Ray Archuleta, Understanding Ag, LLC
Concerns about the US food chain supply made their way into the mainstream this week, as more meat processing and packaging plants suspend operations temporarily due to coronavirus outbreaks in the workforce. When Smithfield Foods announced it was shutting its Sioux Falls plant indefinitely, CEO Ken Sullivan warned that doing so would create a ripple effect that would eventually hit grocery store shelves. The COVID-19 panic has revealed the weakness of our food system. Our current system is very fragile. It is estimated that the meals in the United States travel about 1500 miles to get from farm to plate.
Why does food have to travel so far? There are three primary reasons: 1) We buy seasonal food all-year-round; 2) We buy processed food; and 3) We want it cheap. And there are several other factors to consider. We have a human and animal distribution problem in this country, with way too many people in the cities and too few farmers on the land. Plus, most of the animals we process for food are confined in small areas of the country, which creates environmental and human/animal health problems at many levels. In other words, our farms are too large and more people need to be on the land. It is self-evident that our American food system is fragile when you consider less than one percent of the population, feeds the other 99 percent.
The Dervaes Urban Homestead is a great example of how we fix our fragile food system and feed the world because it mimics nature and utilizes the power of diversity. They grow over 400 different vegetables, herbs, flowers and berries. Plus, they harvest over 2,000 eggs, and 25 to 50 lbs. of honey. Annual gross sales from their home grown products are over $20,000 dollars and this occurs on only 1/10 of an acre or 4,000 square feet.
The Dervaes Family Urban Homestead harvested over 7,000 lbs of vegetables and 90 percent of their diet comes from the garden, at a cost of only $2.00 per day per person. Compared to the modern industrial agriculture model prevalent in California:: The Dervaes Family uses less water and raises more food in the same relative area (see chart below).
The size of Dervaes Lot
How do they do it?
Many critics who defend the current Industrial agriculture model say, “Regenerative agriculture cannot feed the world.” I once believed this false statement and I cultishly defended it. Boy, was I wrong! I still observe this Stockholm-syndrome disorder with politicians, government officials, government employees, farmers, ranchers, bankers, and others who are entrenched in the industrial agriculture model. Most do not understand that they defend a model that enslaves farmers, impoverishes rural communities, decreases biodiversity, increases water pollution and depletion, increases massive soil erosion and diminishes human health.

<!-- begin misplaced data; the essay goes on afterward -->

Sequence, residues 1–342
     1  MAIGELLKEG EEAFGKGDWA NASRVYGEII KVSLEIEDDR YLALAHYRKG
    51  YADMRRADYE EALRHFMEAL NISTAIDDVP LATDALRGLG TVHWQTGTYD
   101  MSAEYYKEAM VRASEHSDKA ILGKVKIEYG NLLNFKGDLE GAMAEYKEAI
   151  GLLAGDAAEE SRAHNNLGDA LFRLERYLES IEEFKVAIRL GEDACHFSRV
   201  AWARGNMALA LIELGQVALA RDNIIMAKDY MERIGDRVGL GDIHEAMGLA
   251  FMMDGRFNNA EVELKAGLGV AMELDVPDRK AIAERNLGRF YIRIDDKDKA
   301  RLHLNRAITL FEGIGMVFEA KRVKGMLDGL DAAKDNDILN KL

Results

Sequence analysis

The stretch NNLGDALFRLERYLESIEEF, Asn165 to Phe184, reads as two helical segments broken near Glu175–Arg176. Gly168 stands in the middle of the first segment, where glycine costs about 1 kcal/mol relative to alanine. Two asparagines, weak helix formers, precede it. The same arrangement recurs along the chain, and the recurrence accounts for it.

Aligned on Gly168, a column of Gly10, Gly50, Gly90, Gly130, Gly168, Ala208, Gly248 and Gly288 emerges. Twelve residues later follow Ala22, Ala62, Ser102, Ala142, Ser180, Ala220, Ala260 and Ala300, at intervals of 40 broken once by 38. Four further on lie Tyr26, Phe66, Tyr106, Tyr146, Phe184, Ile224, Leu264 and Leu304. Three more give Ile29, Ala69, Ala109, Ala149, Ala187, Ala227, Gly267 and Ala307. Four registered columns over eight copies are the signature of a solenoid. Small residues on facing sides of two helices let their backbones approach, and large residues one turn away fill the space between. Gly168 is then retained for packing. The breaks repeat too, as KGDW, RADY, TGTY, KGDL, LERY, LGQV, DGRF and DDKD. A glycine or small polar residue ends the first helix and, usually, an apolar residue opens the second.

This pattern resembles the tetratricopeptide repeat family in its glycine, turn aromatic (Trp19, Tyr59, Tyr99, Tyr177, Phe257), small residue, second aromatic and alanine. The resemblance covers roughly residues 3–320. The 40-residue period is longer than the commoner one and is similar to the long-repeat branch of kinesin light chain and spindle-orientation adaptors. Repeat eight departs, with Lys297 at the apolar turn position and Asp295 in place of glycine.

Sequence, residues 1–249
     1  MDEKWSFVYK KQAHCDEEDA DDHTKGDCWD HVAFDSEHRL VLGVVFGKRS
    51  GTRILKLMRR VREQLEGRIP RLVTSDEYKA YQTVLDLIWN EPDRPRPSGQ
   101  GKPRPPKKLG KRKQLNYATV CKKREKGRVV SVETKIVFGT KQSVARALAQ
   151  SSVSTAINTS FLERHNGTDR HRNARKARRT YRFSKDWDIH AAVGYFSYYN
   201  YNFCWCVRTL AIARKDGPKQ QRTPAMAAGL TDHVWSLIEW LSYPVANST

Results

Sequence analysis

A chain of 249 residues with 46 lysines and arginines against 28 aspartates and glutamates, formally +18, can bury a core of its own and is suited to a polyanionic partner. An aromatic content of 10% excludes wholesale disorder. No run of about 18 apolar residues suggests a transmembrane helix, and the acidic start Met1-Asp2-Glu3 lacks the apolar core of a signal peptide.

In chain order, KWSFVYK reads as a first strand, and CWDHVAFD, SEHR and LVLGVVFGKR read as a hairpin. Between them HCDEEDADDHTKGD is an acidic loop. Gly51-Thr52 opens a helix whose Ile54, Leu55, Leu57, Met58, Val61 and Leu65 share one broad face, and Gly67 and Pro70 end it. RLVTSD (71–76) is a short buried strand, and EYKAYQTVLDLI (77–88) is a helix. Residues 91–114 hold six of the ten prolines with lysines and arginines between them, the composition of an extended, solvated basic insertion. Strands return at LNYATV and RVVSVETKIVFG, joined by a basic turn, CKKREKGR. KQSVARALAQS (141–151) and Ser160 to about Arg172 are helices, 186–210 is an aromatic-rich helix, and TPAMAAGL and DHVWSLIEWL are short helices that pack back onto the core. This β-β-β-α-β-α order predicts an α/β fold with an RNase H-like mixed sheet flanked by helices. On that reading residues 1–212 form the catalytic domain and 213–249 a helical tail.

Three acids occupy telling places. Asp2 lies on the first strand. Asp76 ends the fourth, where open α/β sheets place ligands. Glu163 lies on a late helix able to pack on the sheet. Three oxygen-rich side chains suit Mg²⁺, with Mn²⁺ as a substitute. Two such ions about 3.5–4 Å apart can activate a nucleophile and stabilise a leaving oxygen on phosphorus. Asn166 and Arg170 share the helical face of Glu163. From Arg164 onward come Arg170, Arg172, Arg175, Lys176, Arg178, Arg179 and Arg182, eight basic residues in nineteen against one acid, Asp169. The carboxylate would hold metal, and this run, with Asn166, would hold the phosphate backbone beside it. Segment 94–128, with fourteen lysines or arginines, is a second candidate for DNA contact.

Can regenerative agriculture really feed the world?
In reality, large farms do not feed the world. More than 70 percent of the world is fed on farms with small acreage. The Dervaes Urban Homestead is a great example. This little, diverse jewel is nested in a large city. Can you imagine if all of our modern cities were replete with urban homesteads? This would have a huge impact on our world. This type of system is very resilient. The Dervaes Family does not worry about long lines, empty shelves and frantic crowds. They walk into their back yard and see their own Garden of Eden, providing a cornucopia of food. This tiny paradise is a source of life and hope for the community. Every day they experience heaven on earth that is in a constant state of regeneration.
Jules Dervaes, founder of The Urban Homestead, sums up the power of “the most radical of acts” this way…
“In our society, growing food ourselves has become the most radical of acts. It is truly the only effective protest, one that can—and will—overturn the corporate powers that be. By the process of directly working in harmony with nature, we do the one thing most essential to change the world we change ourselves.” Jules Dervaes, Founder (1947-2016)